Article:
The Sequencers and drum machines

The early 1980s saw the rise of bass synthesizers, the most influential being the Roland TB-303, a bass synthesizer and sequencer released in late 1981 that later became a fixture in electronic dance music,[141] particularly acid house.

One of the first to use it was Charanjit Singh in 1982, though it wouldn't be popularized until Phuture's "Acid Tracks" in 1987.[142] Music sequencers began being used around the mid 20th century, and Tomita's albums in mid-1970s being later examples.[120] In 1978, Yellow Magic Orchestra were using computer-based technology in conjunction with a synthesiser to produce popular music,[143] making their early use of the microprocessor-based Roland MC-8 Microcomposer sequencer.[144][145][failed verification]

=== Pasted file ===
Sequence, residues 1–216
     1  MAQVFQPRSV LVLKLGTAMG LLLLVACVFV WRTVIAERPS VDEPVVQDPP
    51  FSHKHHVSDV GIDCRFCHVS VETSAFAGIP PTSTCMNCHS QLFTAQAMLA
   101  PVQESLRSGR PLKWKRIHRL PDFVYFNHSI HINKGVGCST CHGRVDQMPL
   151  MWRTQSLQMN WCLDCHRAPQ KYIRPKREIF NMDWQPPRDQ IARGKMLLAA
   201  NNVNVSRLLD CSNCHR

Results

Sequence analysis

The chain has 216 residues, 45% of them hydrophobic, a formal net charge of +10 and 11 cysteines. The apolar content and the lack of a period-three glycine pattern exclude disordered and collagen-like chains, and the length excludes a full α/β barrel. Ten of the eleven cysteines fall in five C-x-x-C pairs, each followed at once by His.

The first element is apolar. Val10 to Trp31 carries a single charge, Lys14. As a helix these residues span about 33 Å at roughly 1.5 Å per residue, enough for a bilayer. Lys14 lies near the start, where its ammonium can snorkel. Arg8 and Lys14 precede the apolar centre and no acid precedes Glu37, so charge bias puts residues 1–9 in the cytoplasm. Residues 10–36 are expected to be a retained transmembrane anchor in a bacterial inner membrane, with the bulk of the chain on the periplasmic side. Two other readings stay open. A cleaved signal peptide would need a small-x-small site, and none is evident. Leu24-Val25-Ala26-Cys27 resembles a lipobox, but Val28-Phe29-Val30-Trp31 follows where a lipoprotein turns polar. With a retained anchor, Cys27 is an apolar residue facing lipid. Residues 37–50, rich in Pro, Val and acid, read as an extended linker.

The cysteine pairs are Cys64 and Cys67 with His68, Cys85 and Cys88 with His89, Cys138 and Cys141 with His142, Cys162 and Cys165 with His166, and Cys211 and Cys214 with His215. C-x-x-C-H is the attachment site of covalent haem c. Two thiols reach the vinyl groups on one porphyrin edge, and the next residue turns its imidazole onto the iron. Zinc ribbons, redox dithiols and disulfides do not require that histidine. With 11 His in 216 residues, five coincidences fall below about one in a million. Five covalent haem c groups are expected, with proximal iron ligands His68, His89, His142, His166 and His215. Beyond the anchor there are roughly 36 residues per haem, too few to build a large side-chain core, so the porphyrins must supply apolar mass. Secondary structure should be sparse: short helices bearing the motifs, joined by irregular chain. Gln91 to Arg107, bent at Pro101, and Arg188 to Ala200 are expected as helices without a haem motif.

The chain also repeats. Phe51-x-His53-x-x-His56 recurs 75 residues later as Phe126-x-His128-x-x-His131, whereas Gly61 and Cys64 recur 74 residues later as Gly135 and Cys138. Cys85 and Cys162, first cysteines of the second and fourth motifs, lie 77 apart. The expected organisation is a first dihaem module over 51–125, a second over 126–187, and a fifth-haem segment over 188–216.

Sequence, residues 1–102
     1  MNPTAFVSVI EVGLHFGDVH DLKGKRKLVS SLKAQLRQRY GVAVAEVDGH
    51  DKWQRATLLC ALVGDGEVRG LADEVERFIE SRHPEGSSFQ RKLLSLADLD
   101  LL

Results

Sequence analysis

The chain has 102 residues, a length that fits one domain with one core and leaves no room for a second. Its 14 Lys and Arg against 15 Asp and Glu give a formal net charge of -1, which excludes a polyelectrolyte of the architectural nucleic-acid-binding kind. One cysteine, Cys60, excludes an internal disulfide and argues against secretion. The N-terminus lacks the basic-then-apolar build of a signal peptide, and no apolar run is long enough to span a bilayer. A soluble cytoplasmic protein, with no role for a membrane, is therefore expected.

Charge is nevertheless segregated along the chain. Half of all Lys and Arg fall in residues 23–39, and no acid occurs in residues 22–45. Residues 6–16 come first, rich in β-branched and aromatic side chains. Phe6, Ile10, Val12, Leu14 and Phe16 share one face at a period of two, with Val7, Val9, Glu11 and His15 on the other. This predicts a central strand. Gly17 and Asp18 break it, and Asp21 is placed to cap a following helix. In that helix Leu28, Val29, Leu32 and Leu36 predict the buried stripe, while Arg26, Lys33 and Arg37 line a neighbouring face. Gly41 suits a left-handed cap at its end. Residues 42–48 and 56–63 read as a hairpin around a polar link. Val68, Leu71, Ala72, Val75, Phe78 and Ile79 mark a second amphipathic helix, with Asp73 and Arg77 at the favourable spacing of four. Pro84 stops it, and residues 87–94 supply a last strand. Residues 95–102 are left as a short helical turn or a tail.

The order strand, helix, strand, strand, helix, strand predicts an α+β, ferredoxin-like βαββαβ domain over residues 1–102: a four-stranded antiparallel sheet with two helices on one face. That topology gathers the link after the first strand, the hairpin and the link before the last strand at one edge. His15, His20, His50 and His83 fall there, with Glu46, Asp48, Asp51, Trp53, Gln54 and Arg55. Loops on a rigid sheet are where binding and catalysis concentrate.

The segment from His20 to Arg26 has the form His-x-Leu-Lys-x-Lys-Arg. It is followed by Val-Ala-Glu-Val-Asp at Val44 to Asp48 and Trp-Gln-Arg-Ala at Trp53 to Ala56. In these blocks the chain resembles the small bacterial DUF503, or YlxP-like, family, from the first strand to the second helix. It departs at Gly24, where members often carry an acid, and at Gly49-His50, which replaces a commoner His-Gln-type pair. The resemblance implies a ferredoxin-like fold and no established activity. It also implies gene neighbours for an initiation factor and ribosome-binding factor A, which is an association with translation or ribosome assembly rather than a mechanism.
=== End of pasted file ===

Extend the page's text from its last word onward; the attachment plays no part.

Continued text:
Drum machines, also known as rhythm machines, also began being used around the late-1950s, with a later example being Osamu Kitajima's progressive rock album Benzaiten (1974), which used a rhythm machine along with electronic drums and a synthesizer.[121] In 1977, Ultravox's "Hiroshima Mon Amour" was one of the first singles to use the metronome-like percussion of a Roland TR-77 drum machine.[124] In 1980, Roland Corporation released the TR-808, one of the first and most popular programmable drum machines. The first band to use it was Yellow Magic Orchestra in 1980, and it would later gain widespread popularity with the release of Marvin Gaye's "Sexual Healing" and Afrika Bambaataa's "Planet Rock" in 1982.[146] The TR-808 was a fundamental tool in the later Detroit techno scene of the late 1980s, and was the drum machine of choice for Derrick May and Juan Atkins.[147]


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